Throughout the history of the church one of the the approaches to understanding the Song of Songs has been to view the book as a allegory of Jesus and his relationship to the believer and the church. In Chapter 2:1 Jesus is called “lily of the valleys.” As most of you know, Easter Lilies have a special place in the celebration of Easter. I have memories of the altar filled with beautiful Easter Lilies. I found this interesting piece on the history of Easter Lilies in Conversation magazine. I thought I would share it with you men.
“The Easter season coincides with the beginning of spring, a time of renewal and new life. Often called the “white-robed apostles of hope,” lilies are said to have been found growing in the Garden of Gethsemane after Christ’s agony, wherever His tears had fallen. Before fully opening, lilies assume a trumpet shape. The shape represents God the Father calling his Son Jesus home, which is a great source of joy for believers in Christ. White lilies represent purity and freedom from sin through Jesus’ death on the Cross.”
Remember Jesus referred to lilies in wanting us to see that our heavenly Father will take care of our every need. “Look the lilies and how they grow. They don’t work or make their clothing, yet Solomon in all his glory was not dressed as beautifully as they are. And if God cares so wonderfully for flowers that are here, today and thrown into the fire tomorrow, he will certainly care for you. Why do you have so little faith?” (Luke 12:27-28).
So men, here are two “take-aways” from the Easter Lilies you will all enjoy this Easter Season. First, think of that lily you are looking at as a “trumpet.” It is the reminder that the Father called his Son back home to heaven for our sake. Jesus promised he would not leave us orphaned, because when he went to the Father, the Holy Spirit, the very presence of Jesus would be with us and in us. “I will not leave you as orphans: I will come to you. Before long, the world will not see me anymore, but you will see me.” (John 14:18).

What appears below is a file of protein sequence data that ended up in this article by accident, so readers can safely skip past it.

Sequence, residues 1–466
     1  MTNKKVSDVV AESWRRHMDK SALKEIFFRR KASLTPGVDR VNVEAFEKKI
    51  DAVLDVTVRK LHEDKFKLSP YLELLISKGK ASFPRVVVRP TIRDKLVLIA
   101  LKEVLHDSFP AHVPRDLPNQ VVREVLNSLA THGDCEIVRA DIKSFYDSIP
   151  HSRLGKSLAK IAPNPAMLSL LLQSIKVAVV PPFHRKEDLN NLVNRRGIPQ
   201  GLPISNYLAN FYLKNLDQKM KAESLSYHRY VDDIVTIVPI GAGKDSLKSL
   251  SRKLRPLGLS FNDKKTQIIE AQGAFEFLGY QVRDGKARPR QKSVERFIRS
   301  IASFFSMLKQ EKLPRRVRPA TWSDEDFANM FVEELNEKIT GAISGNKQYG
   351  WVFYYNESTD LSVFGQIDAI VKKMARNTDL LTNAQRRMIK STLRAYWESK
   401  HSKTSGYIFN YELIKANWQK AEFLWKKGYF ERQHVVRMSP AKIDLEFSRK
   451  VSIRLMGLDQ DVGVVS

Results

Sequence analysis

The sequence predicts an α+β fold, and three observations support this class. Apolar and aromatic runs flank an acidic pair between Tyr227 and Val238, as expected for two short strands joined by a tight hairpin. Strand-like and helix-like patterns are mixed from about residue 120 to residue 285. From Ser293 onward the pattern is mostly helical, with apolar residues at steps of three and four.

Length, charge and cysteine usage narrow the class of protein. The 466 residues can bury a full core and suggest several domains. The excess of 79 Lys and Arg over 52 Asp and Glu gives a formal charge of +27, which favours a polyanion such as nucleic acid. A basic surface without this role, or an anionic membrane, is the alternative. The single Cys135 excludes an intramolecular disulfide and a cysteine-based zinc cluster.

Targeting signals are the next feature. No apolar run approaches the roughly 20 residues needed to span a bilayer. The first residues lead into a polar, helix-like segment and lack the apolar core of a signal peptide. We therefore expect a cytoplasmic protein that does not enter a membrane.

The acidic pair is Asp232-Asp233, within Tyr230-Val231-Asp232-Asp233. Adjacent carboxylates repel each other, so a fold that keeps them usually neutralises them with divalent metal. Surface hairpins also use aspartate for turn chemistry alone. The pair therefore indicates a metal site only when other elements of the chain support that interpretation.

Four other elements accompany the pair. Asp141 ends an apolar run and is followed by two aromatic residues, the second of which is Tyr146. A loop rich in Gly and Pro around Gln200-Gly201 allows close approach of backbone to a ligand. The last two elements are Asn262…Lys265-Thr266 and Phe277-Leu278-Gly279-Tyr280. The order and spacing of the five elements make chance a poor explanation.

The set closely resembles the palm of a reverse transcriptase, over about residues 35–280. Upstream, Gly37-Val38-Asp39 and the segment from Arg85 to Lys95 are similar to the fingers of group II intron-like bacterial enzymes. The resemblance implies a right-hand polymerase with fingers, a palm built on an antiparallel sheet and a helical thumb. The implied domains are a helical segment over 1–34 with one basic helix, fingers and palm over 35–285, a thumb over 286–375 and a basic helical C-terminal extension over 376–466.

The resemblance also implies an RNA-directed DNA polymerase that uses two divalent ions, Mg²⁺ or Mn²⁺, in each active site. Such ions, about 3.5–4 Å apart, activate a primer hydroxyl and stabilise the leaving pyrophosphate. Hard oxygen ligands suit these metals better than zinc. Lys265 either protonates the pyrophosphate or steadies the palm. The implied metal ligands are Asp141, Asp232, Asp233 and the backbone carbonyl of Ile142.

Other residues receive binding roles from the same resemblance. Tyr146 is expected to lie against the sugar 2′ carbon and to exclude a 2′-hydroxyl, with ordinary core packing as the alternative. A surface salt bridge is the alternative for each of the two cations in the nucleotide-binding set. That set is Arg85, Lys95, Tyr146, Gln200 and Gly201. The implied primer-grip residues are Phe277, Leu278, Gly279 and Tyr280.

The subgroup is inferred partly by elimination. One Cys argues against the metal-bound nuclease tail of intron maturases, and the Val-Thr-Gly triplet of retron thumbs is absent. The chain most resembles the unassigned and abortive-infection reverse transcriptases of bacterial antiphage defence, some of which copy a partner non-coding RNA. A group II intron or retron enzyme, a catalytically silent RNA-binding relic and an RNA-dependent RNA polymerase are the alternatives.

The second “take-away” is the care our heavenly Father has for each of us. It is personal, intimate and loving. He knows all our needs and will take care of them. Listen to the way the Message puts it. “If God gives such attention to the wildflowers, most of them never even seen, don’t you think he’ll attend to you, take pride in you, do his best for you? (Luke 12:28). Jesus reminds us in Luke 12:7, “Indeed, the very hairs of your head are all numbered. Don’t be afraid; you are worth more than many sparrows.”